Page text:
I am an outlier in an arcane art: hammering. Mostly nails, but I busted a lot of things with a hammer and have driven many stakes and fence posts. I can tap down the concave in Japanese chisels and plane blades. I can peen bolts to hold forever and set saddle rivets. I’ve driven a few nails in hooves and hammer-forged tools and implements in iron and steel.
I own dozens of hammers, from 10-pound mauls with 30-inch fiberglass handles to 200-year-old upholsterer’s tack hammers. Rig axes and 28-ounce waffle-faced framing hammers. Shake axes and dry-wall hatchets. Ball-peen hammers of all weights. Shot-filled, rubber, and wooden mallets. Steel-handled Estwings and a nifty Tim Allen with a wooden doe-foot handle. Curved claw and ripping claw. Shop sledges with jury-rigged pipe handles and a 22-ounce trim hammer on which I fit an 18-inch hatchet handle.
I have hammers with friction grooves, magnets, and spring-loaded ball-bearing gizmos designed to allow the mechanic to start the nail with an awkward reach. While I eschew novelty hammers, I’ve driven more than a few staples with the hammer on a fence tool.
Doing workbench projects, my grandfather taught me to drive nails in a front-moving, circular method that I’ve never seen anyone else use and that I use only as a trick. When my mother decided to stop paying for split firewood, I taught myself to swing a sledge and a maul. I also became adept at putting new handles on these instruments of destruction.
I installed kitchens with nails before there were cheap electric screw guns and cheaper Phillips head screws. I’ve driven Jesus spikes on log cabins and pushed wire brads into picture frames.
I’ve set a million roofing nails in a million three-tab shingles. One tap each. The same goes for 8dHG’s on cedar-shake roofs, Masonite siding, and T111. I know how to shake roof barbs in a stripper, and I can bundle and align a handful of commons while lighting a cigarette. I know 6d on cedar-shingle siding and 4d on asbestos siding.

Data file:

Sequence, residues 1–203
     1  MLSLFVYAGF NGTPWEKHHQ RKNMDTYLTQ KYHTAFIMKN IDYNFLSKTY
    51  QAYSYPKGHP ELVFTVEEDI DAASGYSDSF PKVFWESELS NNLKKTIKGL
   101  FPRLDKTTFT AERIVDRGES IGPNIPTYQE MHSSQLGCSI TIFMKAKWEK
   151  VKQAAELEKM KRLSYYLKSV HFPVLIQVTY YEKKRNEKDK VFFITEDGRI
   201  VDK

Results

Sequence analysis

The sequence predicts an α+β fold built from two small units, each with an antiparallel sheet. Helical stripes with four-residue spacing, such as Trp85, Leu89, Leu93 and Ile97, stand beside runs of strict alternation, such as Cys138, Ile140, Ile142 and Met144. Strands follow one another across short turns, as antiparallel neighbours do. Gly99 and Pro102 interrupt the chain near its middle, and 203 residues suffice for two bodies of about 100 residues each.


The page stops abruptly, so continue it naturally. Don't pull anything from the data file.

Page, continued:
I’ve hammered the driver on flooring machines to cover an acre. I still feed nails with an odd under-hand hold that has my fingernails towards the work; less chance of busting a fingernail. (As an aside, I believe in and use the practice of melting through a fingernail with a red-hot nail to relieve a blood blister.)
When I started framing houses, California style, it was all about driving 3 ¼-inch, 16d (penny) cement coated box nails, box nails having a smaller shank than common nails, they drive easier. Like the big boys, I could soon knock them home with one vicious swipe of a 28oz. I invented a technique for simultaneously driving two framing nails to pull crowned boards into alignment. There are dozens of guys who would still think of me when using this trick—if anyone still used nails.
I drove thousands of pounds of finish nails into trim. Turning the point to cut and not split was second nature to me. I could drive a nail flush without leaving pecker tracks and bring a nail set into play without fumbling the nails in my hand. Someone taught me the trick of setting the head of a common nail on exterior work with the head of another nail held sideways, and I extended that technique to breaking the skin on hardboard siding. I figured out it’s more effective to clip the points off nails rather than try to blunt them for a board end where splitting is a concern. I’d like to think there are dozens of carpenters who still carry Klines after seeing that trick.
I often dumped a handful of wash soap into 50-pound boxes of framing and drywall nails to make them easier to set. I greased trim nails with soap, wax, and, in a pinch, by rubbing a 4d along the side of my nose or running an 8d through my hair. I now know this lubing significantly affects the nails’ holding power.
When I first hung drywall, blue ring shank nails were the only way to go. The first nails I drove into concrete were cut nails. I was partial to Plumb brand wooden-handled hammer—steel gave me tennis elbow.
Now 90 percent of nailing on a job of any size is done with tools using pneumatics, gas combustion, electric battery, powder, or screw-together assemblies. My pride in hammering is akin to what some old boy felt in 1911 because he was adept with a buggy whip.
—Photo credit: Gaffke Photography v2.8/Flickr